Can radical return policies really work?

Several retailers have opted to differentiate their return policies although last week online retailer Singer22 implemented a radical new returns policy that gives customers an additional 10% of store credit when they return unwanted items.


They view this as being a token of appreciation for repeat business and that the system cannot be abused due to returns monitoring.


Yet even the CEO Jon Singer admitted that instances of wear-and-return fraud would simply be ‘unfortunate’. With this behaviour costing around $18 billion in the U.S they may need to think harder about how to combat this.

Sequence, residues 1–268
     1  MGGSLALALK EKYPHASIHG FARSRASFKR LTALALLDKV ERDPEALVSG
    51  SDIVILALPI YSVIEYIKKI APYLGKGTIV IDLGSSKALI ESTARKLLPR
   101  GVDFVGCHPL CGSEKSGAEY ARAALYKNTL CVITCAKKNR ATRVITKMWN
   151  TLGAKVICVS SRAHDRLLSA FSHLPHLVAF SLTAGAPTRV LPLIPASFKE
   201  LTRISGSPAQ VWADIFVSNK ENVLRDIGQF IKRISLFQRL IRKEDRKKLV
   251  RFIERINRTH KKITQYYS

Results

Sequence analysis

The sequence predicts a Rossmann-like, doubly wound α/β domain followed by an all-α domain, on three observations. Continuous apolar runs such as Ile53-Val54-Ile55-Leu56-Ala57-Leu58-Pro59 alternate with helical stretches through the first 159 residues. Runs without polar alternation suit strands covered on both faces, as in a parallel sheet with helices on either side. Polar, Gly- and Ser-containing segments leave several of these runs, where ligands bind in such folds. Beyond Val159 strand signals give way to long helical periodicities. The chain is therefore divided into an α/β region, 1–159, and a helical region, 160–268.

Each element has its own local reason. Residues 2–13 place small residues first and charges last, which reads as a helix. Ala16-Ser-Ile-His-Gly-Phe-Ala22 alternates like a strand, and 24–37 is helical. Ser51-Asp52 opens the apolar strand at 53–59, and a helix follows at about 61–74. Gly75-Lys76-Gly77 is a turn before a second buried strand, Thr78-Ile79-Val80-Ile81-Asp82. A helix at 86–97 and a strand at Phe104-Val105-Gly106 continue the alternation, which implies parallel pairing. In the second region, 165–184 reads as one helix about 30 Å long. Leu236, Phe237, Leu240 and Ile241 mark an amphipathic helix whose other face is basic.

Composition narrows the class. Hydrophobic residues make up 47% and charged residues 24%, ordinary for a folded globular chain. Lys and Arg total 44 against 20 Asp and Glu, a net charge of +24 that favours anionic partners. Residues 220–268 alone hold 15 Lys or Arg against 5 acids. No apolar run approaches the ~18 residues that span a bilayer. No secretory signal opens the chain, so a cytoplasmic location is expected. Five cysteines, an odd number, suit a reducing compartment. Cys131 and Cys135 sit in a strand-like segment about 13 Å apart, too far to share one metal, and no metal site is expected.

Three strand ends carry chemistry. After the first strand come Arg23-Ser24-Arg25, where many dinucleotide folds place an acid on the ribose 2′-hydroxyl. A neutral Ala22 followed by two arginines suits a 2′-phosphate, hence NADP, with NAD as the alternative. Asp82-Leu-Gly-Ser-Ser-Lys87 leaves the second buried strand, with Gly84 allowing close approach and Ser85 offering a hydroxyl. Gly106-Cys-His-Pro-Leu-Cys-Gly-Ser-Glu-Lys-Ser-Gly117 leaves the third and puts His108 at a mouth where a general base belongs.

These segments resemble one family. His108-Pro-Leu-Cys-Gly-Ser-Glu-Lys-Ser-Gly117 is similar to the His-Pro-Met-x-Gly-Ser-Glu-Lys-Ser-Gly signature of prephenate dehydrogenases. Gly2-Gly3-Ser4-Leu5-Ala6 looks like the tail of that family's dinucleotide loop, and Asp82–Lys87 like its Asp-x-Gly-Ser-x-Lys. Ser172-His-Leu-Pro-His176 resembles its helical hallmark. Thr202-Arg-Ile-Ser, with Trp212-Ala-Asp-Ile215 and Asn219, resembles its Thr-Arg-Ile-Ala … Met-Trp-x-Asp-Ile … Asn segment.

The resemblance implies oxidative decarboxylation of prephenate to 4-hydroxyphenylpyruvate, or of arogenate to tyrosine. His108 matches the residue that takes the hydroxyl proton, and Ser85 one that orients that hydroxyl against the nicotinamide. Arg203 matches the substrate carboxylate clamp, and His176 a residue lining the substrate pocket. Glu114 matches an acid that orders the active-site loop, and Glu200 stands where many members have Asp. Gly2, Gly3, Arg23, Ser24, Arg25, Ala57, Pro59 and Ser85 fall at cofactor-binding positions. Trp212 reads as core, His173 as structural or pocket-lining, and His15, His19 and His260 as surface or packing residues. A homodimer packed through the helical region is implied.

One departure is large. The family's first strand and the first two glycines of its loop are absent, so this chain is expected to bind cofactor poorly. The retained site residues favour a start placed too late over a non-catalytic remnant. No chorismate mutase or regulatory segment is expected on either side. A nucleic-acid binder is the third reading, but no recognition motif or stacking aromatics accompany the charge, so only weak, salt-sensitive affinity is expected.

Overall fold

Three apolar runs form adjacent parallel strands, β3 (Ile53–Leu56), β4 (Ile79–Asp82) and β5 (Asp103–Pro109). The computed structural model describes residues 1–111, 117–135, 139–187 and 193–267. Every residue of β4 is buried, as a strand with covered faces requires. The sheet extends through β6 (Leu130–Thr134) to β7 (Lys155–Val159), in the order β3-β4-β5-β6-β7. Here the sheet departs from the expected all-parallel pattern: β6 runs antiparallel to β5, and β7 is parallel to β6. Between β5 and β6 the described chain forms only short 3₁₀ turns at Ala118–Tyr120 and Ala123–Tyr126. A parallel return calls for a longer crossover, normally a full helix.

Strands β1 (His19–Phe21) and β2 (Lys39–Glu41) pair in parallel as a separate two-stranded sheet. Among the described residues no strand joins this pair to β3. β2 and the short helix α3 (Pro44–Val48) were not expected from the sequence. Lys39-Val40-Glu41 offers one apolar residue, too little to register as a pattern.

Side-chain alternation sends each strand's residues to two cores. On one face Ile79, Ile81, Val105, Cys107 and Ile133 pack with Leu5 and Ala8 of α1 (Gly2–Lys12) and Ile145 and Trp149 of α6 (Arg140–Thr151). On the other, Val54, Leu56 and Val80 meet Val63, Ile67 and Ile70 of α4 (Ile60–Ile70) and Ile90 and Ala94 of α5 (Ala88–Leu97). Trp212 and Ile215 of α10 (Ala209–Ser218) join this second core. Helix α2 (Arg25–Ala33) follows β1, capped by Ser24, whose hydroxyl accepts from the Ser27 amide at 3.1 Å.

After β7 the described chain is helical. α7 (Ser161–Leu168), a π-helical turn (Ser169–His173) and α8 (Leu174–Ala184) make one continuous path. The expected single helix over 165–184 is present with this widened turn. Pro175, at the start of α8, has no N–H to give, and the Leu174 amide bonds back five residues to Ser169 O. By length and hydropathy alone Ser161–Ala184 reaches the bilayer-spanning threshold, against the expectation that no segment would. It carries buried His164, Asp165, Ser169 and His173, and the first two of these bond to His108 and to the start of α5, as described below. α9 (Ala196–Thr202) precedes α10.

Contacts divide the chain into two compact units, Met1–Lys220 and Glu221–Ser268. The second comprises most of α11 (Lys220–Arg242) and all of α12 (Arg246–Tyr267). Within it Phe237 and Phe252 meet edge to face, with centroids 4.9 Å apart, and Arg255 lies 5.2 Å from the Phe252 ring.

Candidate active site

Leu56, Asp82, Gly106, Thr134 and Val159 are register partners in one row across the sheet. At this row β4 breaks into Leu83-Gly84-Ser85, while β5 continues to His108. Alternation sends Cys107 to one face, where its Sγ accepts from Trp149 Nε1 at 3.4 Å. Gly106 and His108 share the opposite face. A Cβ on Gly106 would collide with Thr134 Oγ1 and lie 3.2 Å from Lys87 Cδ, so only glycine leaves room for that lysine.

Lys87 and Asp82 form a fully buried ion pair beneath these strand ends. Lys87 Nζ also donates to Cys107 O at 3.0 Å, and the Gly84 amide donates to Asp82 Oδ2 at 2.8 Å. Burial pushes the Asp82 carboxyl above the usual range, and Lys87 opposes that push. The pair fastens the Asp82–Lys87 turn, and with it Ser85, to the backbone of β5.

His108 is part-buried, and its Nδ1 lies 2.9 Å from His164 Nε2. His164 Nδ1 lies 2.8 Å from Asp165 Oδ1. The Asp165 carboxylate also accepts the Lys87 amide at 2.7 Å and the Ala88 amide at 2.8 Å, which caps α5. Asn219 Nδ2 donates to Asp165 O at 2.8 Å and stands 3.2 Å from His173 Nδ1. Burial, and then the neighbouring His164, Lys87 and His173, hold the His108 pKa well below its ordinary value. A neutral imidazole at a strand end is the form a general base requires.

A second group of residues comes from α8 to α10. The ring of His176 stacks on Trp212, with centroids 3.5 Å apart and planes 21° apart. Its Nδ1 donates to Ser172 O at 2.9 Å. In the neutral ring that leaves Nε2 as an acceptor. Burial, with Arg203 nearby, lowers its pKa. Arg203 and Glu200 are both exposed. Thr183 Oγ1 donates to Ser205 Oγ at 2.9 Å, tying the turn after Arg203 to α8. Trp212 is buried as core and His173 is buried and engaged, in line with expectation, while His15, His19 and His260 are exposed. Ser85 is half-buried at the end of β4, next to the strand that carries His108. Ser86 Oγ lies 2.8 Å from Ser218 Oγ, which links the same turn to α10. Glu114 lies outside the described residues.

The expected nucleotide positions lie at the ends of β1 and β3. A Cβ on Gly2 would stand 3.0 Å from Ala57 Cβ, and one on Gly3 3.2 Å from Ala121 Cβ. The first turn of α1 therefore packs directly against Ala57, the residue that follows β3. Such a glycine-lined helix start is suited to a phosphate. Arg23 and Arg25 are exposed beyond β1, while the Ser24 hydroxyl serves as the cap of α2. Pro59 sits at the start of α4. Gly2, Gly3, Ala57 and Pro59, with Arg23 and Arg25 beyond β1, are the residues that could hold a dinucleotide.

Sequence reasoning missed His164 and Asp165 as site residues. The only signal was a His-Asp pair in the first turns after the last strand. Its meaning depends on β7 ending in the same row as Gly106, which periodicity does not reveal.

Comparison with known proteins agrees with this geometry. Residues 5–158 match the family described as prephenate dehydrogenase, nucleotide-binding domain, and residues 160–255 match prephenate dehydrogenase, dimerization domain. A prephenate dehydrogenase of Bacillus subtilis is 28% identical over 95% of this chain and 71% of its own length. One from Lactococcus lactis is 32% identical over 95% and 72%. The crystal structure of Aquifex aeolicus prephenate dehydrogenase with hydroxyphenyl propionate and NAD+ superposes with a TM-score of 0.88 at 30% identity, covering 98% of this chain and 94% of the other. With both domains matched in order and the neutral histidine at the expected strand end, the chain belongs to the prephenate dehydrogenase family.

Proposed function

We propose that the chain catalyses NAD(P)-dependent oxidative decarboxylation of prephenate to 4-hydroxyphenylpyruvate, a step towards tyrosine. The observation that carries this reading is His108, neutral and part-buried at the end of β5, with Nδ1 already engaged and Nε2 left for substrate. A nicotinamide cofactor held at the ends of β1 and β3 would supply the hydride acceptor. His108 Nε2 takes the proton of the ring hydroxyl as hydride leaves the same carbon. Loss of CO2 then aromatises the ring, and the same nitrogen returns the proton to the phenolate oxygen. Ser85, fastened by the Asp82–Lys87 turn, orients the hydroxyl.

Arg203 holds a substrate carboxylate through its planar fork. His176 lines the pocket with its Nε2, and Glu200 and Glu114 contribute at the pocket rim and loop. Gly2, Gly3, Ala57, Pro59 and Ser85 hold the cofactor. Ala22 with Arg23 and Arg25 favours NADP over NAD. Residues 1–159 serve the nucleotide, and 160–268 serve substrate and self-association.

Although this type of return policy may be the first of it’s kind, retailers have been experimenting with these for years. For instance footwear retailer Schuh offer a 365 day return policy which some believe encourages customers to abuse the policy.


Boden also offer a no quibble return policy allowing customers to return items within 3 months.


Although these strategies are aimed to increase customer satisfaction do retailers walk a thin line between keeping their customers happy and giving them too much freedom to abuse the system?